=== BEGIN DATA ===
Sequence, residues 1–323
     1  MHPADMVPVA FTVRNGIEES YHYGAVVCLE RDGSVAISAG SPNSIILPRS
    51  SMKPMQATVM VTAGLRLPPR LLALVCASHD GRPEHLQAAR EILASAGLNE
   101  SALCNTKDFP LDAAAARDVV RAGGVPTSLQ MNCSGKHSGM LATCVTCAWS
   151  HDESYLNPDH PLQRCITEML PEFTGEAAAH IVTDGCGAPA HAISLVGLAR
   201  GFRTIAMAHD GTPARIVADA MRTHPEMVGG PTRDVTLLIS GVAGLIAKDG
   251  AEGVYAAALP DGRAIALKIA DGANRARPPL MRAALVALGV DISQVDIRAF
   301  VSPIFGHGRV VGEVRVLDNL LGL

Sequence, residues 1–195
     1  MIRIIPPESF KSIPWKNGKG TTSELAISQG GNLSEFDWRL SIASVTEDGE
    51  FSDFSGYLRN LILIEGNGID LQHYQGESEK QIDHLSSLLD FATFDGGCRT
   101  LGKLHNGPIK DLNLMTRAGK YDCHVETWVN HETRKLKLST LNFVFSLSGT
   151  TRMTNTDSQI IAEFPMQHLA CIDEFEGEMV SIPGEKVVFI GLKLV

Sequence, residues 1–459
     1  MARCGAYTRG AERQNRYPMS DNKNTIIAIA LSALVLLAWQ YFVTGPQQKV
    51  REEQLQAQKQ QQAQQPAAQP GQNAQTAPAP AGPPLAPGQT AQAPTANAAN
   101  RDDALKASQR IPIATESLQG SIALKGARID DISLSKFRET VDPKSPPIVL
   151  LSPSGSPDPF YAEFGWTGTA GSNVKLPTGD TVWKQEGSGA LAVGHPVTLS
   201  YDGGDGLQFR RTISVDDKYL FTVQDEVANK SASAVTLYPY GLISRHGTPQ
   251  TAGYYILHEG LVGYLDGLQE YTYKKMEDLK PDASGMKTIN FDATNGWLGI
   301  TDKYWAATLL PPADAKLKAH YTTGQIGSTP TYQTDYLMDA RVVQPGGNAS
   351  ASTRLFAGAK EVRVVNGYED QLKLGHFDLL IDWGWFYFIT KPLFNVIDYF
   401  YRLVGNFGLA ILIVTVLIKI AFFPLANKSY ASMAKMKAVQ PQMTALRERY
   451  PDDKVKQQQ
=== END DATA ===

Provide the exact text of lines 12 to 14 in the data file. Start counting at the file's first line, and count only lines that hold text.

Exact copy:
   101  LGKLHNGPIK DLNLMTRAGK YDCHVETWVN HETRKLKLST LNFVFSLSGT
   151  TRMTNTDSQI IAEFPMQHLA CIDEFEGEMV SIPGEKVVFI GLKLV

Sequence, residues 1–459